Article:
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Tennis elbow, clinically known as lateral epicondylitis, is a tendonitis of the forearm extensor muscles. This group of four individual muscles attaches to the outer part of the elbow via a common tendon. They work together to extend the wrist and fingers and assist in forearm flexion. The most commonly affected muscle of this group is the extensor carpi radialis brevis (ECRB). Pain from tennis elbow is most acutely felt along the outer part of the elbow, known as the lateral epicondyle of the humerus. Pain and tenderness usually comes on gradually and can be present even at rest. It can also be further aggravated by simple tasks such picking up objects or opening doors. In chronic cases, your grip may weaken and you may feel the pain radiate down the forearm and into the wrist, or up into the shoulder.

 

 

 

 

 

 

 

 

 

 

 

Tennis elbow is considered a repetitive strain injury. Think of a tennis player repeatedly hitting the ball with a backhand stroke. The repetitive loading and pull of these muscles over time creates micro-tears in the muscle and tendon, which ultimately leads to inflammation. Poor conditioning and poor mechanics can greatly increase your chances of developing the condition. But tennis elbow is not limited to only tennis players. Basically anyone who uses their hands in a repetitive way such as musicians, chefs, painters, writers, carpenters and even massage therapists are all at risk. Writers for example may develop what’s known as “writer’s cramp.” The constant contraction of the forearm extensors in addition to the cocking of the wrist, will over time lead to muscle exhaustion and eventually irritation of the tendon.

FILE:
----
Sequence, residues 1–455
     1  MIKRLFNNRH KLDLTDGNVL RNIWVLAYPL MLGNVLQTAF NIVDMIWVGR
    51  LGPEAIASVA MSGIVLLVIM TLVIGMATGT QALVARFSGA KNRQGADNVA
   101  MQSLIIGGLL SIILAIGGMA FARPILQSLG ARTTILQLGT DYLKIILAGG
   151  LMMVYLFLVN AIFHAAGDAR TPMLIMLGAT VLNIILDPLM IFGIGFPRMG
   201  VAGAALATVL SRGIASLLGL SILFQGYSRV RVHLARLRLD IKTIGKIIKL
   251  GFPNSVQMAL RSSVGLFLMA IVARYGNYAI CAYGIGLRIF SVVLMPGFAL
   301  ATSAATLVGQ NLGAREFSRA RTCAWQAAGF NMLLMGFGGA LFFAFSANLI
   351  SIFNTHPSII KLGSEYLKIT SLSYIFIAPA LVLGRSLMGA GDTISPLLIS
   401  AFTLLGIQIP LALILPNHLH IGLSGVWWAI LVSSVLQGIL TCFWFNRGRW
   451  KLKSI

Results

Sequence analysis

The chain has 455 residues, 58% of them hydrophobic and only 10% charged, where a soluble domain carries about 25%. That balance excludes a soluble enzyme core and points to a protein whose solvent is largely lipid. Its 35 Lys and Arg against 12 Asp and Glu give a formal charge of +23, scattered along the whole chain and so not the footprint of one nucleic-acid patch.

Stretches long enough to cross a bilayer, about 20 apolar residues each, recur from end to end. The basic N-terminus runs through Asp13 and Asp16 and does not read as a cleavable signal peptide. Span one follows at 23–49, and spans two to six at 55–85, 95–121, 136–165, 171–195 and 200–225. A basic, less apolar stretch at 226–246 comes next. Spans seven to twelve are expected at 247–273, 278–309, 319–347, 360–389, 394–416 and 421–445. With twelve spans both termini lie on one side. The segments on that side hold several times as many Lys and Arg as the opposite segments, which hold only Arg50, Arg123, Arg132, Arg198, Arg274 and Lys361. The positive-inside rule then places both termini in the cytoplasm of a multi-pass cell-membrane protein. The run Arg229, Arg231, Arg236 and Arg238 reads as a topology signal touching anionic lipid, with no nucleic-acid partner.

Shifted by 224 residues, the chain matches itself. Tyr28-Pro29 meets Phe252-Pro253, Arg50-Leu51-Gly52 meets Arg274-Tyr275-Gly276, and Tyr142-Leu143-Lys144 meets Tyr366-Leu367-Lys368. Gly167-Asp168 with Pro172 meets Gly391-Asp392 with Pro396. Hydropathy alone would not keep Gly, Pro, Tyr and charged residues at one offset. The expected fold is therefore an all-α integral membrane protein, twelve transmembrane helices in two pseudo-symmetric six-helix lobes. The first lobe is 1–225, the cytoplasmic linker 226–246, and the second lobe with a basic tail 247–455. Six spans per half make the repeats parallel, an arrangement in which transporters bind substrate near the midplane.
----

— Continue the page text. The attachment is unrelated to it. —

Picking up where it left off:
Recent studies have also shown that a single event, such as a direct blow to the elbow or a sudden overloading of the muscles, can precipitate a sudden onset of tennis elbow. The counterpart to tennis elbow is golfer’s elbow, also known as medial epicondylitis. By contrast, golfer’s elbow causes pain along the inner part of the elbow where the tendons of the forearm flexors attach. A common diagnostic test to confirm the presence of tennis elbow is to extend the wrist and fingers back with an out stretched hand. Think of doing the “police stop sign.” If maintaining this position is painful or uncomfortable, you may have lateral epicondylitis.

Treating tennis elbow may involve a two-week period of rest and a complete cessation of the offending activity. Massaging the area with ice 2-3 times a day for approximately 15-20mins will help decrease inflammation. Some find using a compression brace on the forearm just below the elbow helpful in preventing a further pull on the epicondyle. After the acute stage has passed, gentle range of motion exercises along with myofascial release and trigger point work to the forearm muscles can be done. If after several weeks of rest one can perform ten pain free isometric contractions of the extensors muscles, one can begin resuming regular activity.


joe-azevedo2Joe Azevedo is a New York State/NCBTMB Licensed Massage Therapist, ARCB Certified Reflexologist, Certified Thai Yogi, and an Advanced Reiki Practitioner. He is a graduate of the Swedish Institute and is the owner and founder of Brooklyn Reflexology.

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